At the conclusion of the war, before his final exchange, he returned to his Kentucky home, having but recently reached his majority, and there found that his father’s fortune had gone and he could therefore receive no aid from that source. He then entered the service of the Paducah & Gulf Railroad Company and in the various capacities of freight and passenger agent, conductor and master of transportation followed such service until January, 1871, when owing to failing health, he removed to Hood county, Texas, a then newly organized county on the frontier. He settled at Granbury, where, without a tutor, he took up again his long-interrupted study of law, sometimes doing farm work and sometimes teaching school to bear his expenses. At the fall term of the district court of 1871, after only eight months of study-during which time, however, he had diligently investigated Blackstone, Kent, Phillips on Evidence, Story’s Equity and Chitty’s Pleadings, together with the Texas statutes and many decisions of the Texas courts-he applied for license to practice law, and after an examination was admitted to the bar, the examination being conducted by Judge Charles Soward and a committee composed of S.H. Renick, of Waco, Colonel Rushing, of Cleburne, and Mr. Young, of Granbuy
Being at the time engaged in school-teaching, Mr. Ewell did not enter into practice until January, 1872, when he opened an office, and has since been actively engaged in the practice of his profession in Granbury. From the summer of 1872 until February, 1876, he was associated in partnership with Colonel T.J. Duke and afterward, till 1880, with John P. Estes and with B.M. Estes until 1881. In 1887 he admitted R.C. Milliken into his office as a student and soon as a partner, and this connection continued until Mr. Milliken’s removal from the county in 1891. In 1878 Mr. Ewell was elected county attorney of Hood county, serving for one term, but having more taste for civil law he did not seek a re-election. His professional labors have been chiefly in land litigations, and in this field, by skillfully invoking legal and equitable principles, thoroughly studied by him, he gained many victories for poor and humble clients in his earlier career, thus gaining a reputation in this specialty which his subsequent career has not only retained but made brighter still. He has been an occasional contributor to the local press of his county on questions of public interest, and has recently compiled a brief history of Hood county, which is a reliable and well-edited volume.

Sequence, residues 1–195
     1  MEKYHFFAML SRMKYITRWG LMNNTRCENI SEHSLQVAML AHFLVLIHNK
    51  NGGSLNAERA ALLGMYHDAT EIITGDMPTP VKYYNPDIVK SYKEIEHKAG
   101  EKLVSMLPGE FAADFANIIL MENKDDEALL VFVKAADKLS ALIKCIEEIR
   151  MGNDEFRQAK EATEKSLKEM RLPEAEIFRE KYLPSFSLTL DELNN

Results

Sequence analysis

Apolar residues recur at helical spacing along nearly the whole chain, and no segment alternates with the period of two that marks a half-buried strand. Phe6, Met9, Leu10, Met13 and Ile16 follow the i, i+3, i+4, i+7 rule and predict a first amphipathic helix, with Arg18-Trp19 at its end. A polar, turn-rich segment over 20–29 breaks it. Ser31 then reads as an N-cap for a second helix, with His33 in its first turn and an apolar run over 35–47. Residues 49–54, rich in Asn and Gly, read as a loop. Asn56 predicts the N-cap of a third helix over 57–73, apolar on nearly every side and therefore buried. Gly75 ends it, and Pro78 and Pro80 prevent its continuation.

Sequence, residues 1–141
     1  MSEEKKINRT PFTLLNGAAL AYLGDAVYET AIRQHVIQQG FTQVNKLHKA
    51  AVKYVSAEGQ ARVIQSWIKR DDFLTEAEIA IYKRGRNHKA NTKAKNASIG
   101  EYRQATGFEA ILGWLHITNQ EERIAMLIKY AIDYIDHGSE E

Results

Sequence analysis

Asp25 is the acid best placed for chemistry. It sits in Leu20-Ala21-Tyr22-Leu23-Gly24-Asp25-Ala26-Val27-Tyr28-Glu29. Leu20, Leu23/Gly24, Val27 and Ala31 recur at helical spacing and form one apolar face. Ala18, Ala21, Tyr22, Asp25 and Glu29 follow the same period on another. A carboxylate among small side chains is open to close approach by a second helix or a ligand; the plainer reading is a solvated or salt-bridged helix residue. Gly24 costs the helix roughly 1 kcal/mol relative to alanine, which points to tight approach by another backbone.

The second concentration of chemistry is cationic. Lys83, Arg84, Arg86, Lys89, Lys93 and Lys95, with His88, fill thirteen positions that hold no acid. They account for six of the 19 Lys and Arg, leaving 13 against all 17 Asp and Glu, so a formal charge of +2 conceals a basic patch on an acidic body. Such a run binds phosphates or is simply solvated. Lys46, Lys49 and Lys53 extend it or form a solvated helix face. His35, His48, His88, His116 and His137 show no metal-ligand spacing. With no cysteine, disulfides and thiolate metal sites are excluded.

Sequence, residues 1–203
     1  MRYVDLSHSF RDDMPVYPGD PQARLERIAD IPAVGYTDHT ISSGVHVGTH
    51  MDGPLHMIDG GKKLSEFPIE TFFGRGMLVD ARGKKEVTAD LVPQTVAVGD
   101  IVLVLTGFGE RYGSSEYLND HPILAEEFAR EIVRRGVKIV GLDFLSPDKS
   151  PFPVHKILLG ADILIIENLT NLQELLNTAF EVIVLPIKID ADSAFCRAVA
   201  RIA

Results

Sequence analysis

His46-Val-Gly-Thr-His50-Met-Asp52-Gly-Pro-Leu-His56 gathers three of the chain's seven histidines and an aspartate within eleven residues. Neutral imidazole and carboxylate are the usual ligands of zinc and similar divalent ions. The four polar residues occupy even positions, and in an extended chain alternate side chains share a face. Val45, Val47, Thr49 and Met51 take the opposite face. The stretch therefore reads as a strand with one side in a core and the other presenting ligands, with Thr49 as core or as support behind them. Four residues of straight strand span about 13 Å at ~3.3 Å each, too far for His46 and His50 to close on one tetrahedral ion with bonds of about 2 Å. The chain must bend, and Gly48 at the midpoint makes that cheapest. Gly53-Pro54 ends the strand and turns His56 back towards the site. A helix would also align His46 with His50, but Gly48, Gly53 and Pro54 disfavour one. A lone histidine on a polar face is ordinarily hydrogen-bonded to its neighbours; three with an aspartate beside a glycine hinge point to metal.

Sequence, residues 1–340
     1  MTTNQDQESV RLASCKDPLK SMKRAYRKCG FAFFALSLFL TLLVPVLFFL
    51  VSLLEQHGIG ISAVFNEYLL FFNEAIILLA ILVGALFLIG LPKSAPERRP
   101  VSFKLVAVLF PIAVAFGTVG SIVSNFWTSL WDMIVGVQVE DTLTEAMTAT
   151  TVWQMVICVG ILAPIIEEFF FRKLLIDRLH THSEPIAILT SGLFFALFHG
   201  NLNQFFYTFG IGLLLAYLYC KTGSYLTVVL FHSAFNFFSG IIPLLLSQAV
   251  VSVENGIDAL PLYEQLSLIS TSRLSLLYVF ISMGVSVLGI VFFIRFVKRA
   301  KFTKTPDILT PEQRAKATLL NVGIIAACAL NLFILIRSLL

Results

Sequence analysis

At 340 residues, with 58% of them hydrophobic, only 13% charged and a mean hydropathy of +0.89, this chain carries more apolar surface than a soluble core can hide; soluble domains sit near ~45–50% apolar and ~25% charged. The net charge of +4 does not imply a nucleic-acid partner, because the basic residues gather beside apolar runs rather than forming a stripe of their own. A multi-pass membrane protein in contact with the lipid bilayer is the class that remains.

Mr. Ewell was married to Miss Bettie Black, of Jefferson, Texas, in 1874. Their eldest child, a daughter, now 20 years of age, is engaged in school-teaching, having received the degree of A.B. in Granbury College in the class of 1894. She and a son, now 13 years of age, are the only surviving children, two other sons having died in infancy.
Mr. Ewell was one of the original founders and trustees of Granbury High School (now College), and is now acting on its board of trustees. He has always been a friend to local educational institutions, deeply interested in all that pertains to the mental development of the young. In politics he has affiliated with the Democratic party, but as an aspirant for office has never actively participated in politics. However, in the great state contest on the prohibition question in 1887 he engaged ardently in the public discussions on the side of temperance. In his boyhood he joined the Methodist Episcopal church, south, and has ever since retained his membership therein. Not deeply pious, he has great faith in God, to whom, with his family, he offers daily prayer and thanksgiving. He has never united with any civic society except the Masonic, having been made a master Mason in Kentucky about 1868; since his removal to Texas he has been dimitted.
To note the characteristics of Mr. Ewell, it may be mentioned that while he is endowed by nature with a high temper, he has complete mastery of self. This control emanates from his well balanced mental organization, to which all of his characteristics are subject in a large degree. He is candid to a fault, and his strict sense of honesty in business and professional life has never admitted of an undue advantage being taken of any situation. A strict adherence to the golden rule has marked his life, and while it may have made him poorer in material things he has thereby been enriched by blessings choicer than wealth-the heritage of a good name and the confidence and esteem of his fellow men. His sympathetic nature has often occasioned great sacrifice of his personal interests to the betterment of the condition of others. Possessing a studious mind he prefers the exclusion of his home and office to the social amenities of society. He is quick of perception, writes with fluency and clearness, while in speech he is not demonstrative in manner but logical and pointed in his utterances, which gives a weight to his words. Of a frail physique his physical constitution has always lacked robustness in health and strength, his nervous and mental energies alone enabling him in lieu of physical strength to succeed in his undertaking.
History of Texas, 1896, Chicago: The Lewis Publishing Co.